The QSD methodology and equipment was developed under NIH grants MH054922, NS26209, DC00489.
Gilbert Goodwill was the moving force behind introducing calculations in the frequency domain into QSD and using simulated annealing for q-sequence searches.
Dr. Helmut Riedel of the University of Oldenburg kindly provided the software for analysis of q-sequences.
We thank BMC Neuroscience for publishing the paper, and especially for creating a publishing format that allowed us to demonstrate important phenomena by means of attached audio and video files. The ability to introduce a large number of figures and files (97 for this paper) is a substantial increase in the quantity of communication of scientific results. We consider that the quality has also increased, but it will be the readers who will be the ultimate judges of this.
- Kompass R: Universal temporal structures in human information processing: a neural principle and psychophysical evidence. Psychophysics Beyond Sensation: Laws and Invariants of Human Cognition. Edited by: Kaernback C, Schroger E, Muller H. 2004, Mahwah, NJ: Lawrence Erlbaum Associates, 451-480.
- Lalanne L: Sur la duree de la sensation tactile [On the duration of tactile sensations]. Note Comptes Rendus de l'Acadenue des Sciences Paris. 1876, 39 (2–3): 1314-1316.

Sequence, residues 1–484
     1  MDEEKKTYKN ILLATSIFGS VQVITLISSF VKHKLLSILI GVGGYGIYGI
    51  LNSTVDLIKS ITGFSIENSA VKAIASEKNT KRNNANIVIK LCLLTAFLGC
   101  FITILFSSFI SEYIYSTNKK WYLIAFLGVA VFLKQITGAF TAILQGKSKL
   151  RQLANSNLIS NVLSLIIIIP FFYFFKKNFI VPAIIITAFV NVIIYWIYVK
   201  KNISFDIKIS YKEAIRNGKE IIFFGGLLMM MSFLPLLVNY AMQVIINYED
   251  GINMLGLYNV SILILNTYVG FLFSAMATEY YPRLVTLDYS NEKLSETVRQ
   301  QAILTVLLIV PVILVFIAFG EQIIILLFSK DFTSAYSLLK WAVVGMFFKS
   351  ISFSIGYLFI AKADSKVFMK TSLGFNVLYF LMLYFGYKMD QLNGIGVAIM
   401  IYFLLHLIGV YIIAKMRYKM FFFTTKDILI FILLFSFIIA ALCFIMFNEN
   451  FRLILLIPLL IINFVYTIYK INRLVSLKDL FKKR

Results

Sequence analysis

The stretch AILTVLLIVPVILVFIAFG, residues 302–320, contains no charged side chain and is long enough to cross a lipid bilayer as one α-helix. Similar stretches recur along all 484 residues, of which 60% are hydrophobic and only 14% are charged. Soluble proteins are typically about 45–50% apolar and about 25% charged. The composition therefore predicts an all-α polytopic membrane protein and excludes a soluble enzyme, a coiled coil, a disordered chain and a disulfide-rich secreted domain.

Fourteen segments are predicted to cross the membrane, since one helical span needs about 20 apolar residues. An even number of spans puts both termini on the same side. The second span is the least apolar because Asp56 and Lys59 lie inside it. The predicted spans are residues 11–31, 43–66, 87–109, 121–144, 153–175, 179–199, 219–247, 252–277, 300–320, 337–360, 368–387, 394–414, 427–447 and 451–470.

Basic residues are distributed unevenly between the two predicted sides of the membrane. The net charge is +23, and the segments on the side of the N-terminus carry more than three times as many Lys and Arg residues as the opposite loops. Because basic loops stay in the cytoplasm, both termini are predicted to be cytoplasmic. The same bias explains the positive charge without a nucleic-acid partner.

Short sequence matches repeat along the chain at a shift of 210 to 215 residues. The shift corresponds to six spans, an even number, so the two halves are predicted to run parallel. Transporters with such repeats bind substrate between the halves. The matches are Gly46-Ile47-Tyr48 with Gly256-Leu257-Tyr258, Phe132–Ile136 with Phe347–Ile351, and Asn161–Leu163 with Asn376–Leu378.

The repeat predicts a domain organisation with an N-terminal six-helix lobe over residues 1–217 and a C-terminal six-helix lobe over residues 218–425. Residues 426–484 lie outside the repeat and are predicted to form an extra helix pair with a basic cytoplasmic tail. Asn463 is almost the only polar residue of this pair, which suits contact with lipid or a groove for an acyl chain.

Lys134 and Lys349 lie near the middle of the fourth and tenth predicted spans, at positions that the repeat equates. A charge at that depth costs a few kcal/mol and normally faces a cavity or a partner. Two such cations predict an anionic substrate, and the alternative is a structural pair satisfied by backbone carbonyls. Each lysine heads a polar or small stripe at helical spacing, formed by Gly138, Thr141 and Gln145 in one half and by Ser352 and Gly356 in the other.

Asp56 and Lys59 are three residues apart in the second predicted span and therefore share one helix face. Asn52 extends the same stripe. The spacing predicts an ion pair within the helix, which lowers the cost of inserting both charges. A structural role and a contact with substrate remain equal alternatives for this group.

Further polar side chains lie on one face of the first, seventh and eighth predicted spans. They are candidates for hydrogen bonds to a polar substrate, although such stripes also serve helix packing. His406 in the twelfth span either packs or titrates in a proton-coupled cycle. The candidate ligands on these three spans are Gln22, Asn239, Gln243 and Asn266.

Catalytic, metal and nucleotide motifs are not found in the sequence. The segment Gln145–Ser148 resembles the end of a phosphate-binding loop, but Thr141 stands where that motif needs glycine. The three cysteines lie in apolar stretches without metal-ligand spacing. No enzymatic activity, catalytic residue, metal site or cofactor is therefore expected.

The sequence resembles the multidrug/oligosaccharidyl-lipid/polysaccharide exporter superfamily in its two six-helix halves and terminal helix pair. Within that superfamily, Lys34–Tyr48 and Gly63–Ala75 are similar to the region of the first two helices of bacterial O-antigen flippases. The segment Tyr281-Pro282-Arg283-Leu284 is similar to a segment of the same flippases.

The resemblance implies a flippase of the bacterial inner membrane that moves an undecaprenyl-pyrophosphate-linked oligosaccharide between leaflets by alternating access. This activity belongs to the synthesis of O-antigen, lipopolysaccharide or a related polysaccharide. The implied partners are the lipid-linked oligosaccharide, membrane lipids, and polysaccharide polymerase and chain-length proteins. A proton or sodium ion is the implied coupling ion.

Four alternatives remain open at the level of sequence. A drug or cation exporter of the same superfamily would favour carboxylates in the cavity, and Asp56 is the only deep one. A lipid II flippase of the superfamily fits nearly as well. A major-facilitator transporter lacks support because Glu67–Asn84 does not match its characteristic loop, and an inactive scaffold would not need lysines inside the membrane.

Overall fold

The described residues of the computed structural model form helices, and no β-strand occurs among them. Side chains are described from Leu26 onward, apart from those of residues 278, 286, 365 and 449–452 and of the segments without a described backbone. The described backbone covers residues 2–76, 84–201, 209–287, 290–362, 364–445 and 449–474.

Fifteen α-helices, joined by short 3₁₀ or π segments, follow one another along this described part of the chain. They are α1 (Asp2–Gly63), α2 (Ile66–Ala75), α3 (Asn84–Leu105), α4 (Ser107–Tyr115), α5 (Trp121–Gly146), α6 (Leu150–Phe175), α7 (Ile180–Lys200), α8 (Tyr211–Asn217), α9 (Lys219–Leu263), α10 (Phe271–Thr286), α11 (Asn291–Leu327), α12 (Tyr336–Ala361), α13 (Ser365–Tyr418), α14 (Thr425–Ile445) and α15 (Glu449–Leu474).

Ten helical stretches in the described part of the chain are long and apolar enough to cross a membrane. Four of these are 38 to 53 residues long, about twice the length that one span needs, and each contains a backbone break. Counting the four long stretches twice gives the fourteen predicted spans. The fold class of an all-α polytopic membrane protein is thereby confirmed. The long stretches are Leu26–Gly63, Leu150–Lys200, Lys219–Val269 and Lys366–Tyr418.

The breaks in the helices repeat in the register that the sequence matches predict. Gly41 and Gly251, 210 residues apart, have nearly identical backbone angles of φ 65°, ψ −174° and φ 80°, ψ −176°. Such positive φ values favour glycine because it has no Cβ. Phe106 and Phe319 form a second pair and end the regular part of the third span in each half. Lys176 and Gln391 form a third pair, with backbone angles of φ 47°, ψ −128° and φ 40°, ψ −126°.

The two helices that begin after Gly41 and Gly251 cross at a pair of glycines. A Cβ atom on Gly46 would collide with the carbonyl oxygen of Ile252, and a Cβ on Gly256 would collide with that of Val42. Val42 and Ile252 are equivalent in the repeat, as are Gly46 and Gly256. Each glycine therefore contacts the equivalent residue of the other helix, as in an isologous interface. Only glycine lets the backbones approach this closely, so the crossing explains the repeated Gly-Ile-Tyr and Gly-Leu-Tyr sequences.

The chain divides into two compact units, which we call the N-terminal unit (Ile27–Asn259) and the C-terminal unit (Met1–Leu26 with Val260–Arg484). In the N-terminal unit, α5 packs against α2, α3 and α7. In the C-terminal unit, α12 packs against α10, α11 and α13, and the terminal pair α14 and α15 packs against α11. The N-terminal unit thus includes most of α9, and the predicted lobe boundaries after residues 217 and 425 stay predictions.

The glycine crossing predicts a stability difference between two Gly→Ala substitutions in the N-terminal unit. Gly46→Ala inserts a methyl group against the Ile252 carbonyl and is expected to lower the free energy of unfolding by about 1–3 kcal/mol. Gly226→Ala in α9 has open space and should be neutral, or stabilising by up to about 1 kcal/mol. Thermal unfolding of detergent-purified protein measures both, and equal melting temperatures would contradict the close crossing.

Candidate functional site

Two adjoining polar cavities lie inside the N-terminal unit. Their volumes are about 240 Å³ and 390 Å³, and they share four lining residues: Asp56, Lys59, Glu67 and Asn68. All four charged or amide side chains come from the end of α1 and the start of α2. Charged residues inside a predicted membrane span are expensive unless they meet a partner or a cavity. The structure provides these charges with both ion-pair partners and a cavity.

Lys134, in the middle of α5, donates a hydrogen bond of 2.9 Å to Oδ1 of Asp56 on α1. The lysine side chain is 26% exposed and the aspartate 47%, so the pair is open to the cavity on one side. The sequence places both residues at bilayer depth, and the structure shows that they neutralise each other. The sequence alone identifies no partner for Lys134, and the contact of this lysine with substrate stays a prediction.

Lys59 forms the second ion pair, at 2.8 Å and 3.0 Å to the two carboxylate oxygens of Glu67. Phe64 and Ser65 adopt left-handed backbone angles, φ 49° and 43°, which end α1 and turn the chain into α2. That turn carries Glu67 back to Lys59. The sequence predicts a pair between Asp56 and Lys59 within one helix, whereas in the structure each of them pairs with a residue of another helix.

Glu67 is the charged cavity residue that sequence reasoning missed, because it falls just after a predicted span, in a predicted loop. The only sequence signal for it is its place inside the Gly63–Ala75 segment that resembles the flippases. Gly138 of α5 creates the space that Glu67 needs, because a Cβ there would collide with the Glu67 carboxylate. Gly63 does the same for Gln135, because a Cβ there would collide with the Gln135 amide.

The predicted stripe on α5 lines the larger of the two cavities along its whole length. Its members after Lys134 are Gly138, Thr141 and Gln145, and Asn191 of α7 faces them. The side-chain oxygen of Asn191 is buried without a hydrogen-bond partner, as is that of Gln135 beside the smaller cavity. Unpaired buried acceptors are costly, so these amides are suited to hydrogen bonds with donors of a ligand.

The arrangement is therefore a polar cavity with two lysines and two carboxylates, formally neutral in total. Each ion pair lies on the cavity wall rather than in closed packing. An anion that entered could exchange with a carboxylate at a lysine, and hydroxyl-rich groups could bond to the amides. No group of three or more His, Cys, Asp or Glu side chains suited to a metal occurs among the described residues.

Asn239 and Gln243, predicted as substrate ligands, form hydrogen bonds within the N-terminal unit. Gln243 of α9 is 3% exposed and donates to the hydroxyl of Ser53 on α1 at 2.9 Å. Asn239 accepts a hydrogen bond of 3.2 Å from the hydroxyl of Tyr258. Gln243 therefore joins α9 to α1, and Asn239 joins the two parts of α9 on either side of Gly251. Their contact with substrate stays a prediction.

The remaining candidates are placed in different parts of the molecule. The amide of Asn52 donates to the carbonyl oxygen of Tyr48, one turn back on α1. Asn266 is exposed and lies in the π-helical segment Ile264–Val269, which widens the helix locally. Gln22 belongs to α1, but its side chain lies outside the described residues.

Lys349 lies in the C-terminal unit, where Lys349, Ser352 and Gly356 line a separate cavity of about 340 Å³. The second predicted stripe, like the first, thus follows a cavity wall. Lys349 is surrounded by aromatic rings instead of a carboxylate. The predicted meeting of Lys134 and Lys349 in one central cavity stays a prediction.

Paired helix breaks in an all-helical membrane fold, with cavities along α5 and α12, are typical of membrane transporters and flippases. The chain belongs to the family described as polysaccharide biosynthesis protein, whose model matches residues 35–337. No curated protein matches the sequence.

- Brecher GA: The emergence and biological significance of the subjective time unit perceptual moment. (in German: Die Entstehung und biologische Bedeutung der subjektiven Zeiteinheit – des Moments. Zeitschrift fur vergleichende Physiologie. 1932, 18: 204-243.
- Maskin MB, Riklan M, Chabot D: Effects of "short-term" versus "long-term" L-Dopa therapy in parkinsonism on critical flicker frequency. Percept Mot Skills. 1974, 38 (2): 455-458.View ArticlePubMed
- Riklan M, Levita E, Misiak H: Critical flicker frequency and integrative functions in parkinsonism. J Psychol. 1970, 75: 45-51.View ArticlePubMed
- Riklan M, Misiak H, Levita E: Cryothalamectomy in parkinsonism. Effects on critical flicker frequency. J Nerv Ment Dis. 1972, 154 (1): 19-21.View ArticlePubMed
- Kowacs PA, Piovesan EJ, Werneck LC, Fameli H, Zani AC, da Silva HP: Critical flicker frequency in migraine. A controlled study in patients without prophylactic therapy. Cephalalgia. 2005, 25 (5): 339-343. 10.1111/j.1468-2982.2004.00861.x.View ArticlePubMed
- Vianya-Estopa M, Douthwaite WA, Pesudovs K, Noble BA, Elliott DB: Development of a critical flicker/fusion frequency test for potential vision testing in media opacities. Optom Vis Sci. 2004, 81 (12): 905-910.PubMed
- Gutherie AH, Hammond BR: Critical flicker fusion frequency: relation to resting systolic blood pressure. Optom Vis Sci. 2004, 81 (5): 373-376. 10.1097/01.opx.0000135084.16018.ac.View ArticlePubMed